Google: We have collected information sent over the WiFi via StreetView

By EDRi · May 19, 2010

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Deutsch: [Google: Wir haben über Street View Informationen von WLAN-Netzen gesammelt |]

Google admitted that the previous information on the data they have gathered
with their Street View service was wrong and this included “samples of
payload data from open (i.e. non-password-protected) WiFi networks.”

The information comes after several letters were sent to Google by the Data
Protection Authorities on the information the company had gathered in their
StreetView service. As reported in the previous EDRi-gram, the initial
answer from Google posted on 27 April acknowledged that the Google’s Street
View cars gather information only in three categories: photos of the
street, WiFi network information, and 3D building imagery.

However, a new answer published on 14 May 2010, confirmed that the initial
information was incomplete and they also collected “payload data
(information sent over the network)”.

Google claims that this was done by mistake and the data was never used in
any Google products. They have also indicated that only fragments of payload
data were gathered because: the cars are on the move, someone would need to
be using the network as a car passed by and the in-car WiFi equipment
automatically changes channels roughly five times a second.

The blog post published by Alan Eustace, Senior VP, Engineering & Research
announced that Google wanted to delete the data as soon as possible and that
they had decided to stop collecting WiFi network data entirely with their
Street View cars.

According to an update on 17 May 2010, following a request of the Irish Data
Protection Authority, Google announced that the “all data identified as
being from Ireland was deleted over the weekend in the presence of an
independent third party.”

The decision was challenged also by an open letter of the Privacy
International (PI) that considers the instruction to delete the date “is
based on advice that is ill-informed and irresponsible, as the action may be
unlawful. We urge Google to politely ignore these instructions and, instead,
securely store the data with a trusted third party pending further
investigation.” PI has also announced that it will seek a prosecution for
unlawful interception under the UK’s Regulation of Investigatory Powers Act,
noting that “in those circumstances there would be no question of destroying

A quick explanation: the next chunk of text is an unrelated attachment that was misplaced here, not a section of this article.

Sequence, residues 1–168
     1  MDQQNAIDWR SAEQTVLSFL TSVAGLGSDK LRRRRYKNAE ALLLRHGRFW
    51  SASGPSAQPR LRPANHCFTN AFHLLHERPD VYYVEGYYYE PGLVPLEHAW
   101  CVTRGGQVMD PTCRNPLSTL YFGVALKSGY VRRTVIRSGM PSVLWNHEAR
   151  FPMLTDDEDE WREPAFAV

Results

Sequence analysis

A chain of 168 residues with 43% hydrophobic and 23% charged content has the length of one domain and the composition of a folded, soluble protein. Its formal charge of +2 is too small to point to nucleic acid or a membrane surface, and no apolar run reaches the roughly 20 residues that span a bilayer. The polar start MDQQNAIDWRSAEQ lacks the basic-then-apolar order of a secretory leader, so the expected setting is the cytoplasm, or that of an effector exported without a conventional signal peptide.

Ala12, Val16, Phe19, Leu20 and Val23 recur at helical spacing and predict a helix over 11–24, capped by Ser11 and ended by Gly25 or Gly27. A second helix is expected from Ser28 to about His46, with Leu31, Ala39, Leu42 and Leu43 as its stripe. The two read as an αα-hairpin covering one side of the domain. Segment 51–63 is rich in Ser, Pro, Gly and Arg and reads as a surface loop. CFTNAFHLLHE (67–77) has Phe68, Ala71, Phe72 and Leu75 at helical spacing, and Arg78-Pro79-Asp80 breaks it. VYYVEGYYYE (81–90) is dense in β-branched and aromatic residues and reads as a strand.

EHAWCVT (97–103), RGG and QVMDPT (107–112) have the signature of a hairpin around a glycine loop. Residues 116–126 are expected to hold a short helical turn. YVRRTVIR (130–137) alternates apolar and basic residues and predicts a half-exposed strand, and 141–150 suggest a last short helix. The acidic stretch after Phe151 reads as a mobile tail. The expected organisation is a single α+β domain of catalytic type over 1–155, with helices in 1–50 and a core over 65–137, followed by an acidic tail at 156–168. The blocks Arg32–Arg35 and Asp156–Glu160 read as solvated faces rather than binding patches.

the data.”

This latest privacy issue can only support the arguments of the public
letter sent some months ago by several privacy Commissioners from Canada,
France, Germany, Ireland, Israel, Italy, the Netherlands, New Zealand, Spain
and the UK. The letter called on Google to collect and process the minimum
amount of personal information required for a service, to be clear about how
it would be used and to ensure that privacy settings were default and easy
to use.

As PI has recently replied to the public blog post: “This latest incident
was not caused by a mistake; it was caused by a failure of process that cuts
across the entire company. In the absence of a systemic change in product
development and deployment procedures the latest incident will be just one
in a continuing litany of transgressions on personal privacy.”

Google said Street View cars had been collecting WiFi data in Australia,
Austria, Belgium, Brazil, Britain, Canada, the Czech Republic, Denmark,
Finland, France, Germany, Greece, Hong Kong, Hungary, Ireland, Italy, Japan,
Luxembourg, Macau, Mexico, the Netherlands, New Zealand, Norway, Poland,
Portugal, Romania, Singapore, South Africa, South Korea, Spain, Sweden,
Switzerland, Taiwan and the United States.

The latest statements of Google chief Eric Schmidt tried to downplay the
current privacy concerns over Google Street View Service. Mr Schmidt said at
the company’s annual Zeitgeist conference UK : “Who was harmed? Name the
person”, considering that it was “highly unlikely” that any of the collected
information was “useful” and that there appeared to “have been no use of
that data.”

WiFi data collection: An update (14.05.2010)

An open letter to EU privacy commissioners regarding deletion of Google WiFi
data (18.05.2010)

Google chief Eric Schmidt downplays wi-fi privacy row (18.05.2010)

Google and privacy: What crisis? (19.05.2010)

EDRi-gram: UK and Germany question the data collected by Google Street View